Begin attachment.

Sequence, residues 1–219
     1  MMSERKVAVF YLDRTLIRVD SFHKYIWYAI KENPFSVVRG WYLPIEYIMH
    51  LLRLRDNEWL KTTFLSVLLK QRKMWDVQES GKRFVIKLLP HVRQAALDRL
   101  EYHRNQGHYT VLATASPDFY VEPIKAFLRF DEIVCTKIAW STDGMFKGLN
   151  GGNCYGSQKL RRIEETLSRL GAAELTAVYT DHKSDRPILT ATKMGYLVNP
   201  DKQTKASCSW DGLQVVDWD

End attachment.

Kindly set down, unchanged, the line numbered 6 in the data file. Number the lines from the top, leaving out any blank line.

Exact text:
   201  DKQTKASCSW DGLQVVDWD